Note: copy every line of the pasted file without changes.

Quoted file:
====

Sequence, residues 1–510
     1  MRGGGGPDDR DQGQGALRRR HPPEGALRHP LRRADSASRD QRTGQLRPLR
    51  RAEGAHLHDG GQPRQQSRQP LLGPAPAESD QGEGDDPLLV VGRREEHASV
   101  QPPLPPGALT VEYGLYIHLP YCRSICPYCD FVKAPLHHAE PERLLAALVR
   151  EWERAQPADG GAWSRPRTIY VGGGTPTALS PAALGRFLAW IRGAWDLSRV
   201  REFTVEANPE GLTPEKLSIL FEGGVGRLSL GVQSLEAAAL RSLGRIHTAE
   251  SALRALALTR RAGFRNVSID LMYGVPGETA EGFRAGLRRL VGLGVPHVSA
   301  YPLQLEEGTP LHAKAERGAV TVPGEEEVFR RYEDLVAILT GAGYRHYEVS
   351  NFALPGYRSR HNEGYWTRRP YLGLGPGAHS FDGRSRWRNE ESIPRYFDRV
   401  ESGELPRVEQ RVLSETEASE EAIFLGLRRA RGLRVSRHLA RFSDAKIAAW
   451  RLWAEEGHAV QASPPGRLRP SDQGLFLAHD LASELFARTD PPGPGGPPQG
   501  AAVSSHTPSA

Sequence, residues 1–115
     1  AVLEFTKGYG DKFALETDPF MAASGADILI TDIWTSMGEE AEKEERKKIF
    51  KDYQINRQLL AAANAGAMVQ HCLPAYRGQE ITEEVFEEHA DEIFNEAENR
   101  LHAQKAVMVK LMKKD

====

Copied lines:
Sequence, residues 1–510
     1  MRGGGGPDDR DQGQGALRRR HPPEGALRHP LRRADSASRD QRTGQLRPLR
    51  RAEGAHLHDG GQPRQQSRQP LLGPAPAESD QGEGDDPLLV VGRREEHASV
   101  QPPLPPGALT VEYGLYIHLP YCRSICPYCD FVKAPLHHAE PERLLAALVR
   151  EWERAQPADG GAWSRPRTIY VGGGTPTALS PAALGRFLAW IRGAWDLSRV
   201  REFTVEANPE GLTPEKLSIL FEGGVGRLSL GVQSLEAAAL RSLGRIHTAE
   251  SALRALALTR RAGFRNVSID LMYGVPGETA EGFRAGLRRL VGLGVPHVSA
   301  YPLQLEEGTP LHAKAERGAV TVPGEEEVFR RYEDLVAILT GAGYRHYEVS
   351  NFALPGYRSR HNEGYWTRRP YLGLGPGAHS FDGRSRWRNE ESIPRYFDRV
   401  ESGELPRVEQ RVLSETEASE EAIFLGLRRA RGLRVSRHLA RFSDAKIAAW
   451  RLWAEEGHAV QASPPGRLRP SDQGLFLAHD LASELFARTD PPGPGGPPQG
   501  AAVSSHTPSA

Sequence, residues 1–115
     1  AVLEFTKGYG DKFALETDPF MAASGADILI TDIWTSMGEE AEKEERKKIF
    51  KDYQINRQLL AAANAGAMVQ HCLPAYRGQE ITEEVFEEHA DEIFNEAENR
   101  LHAQKAVMVK LMKKD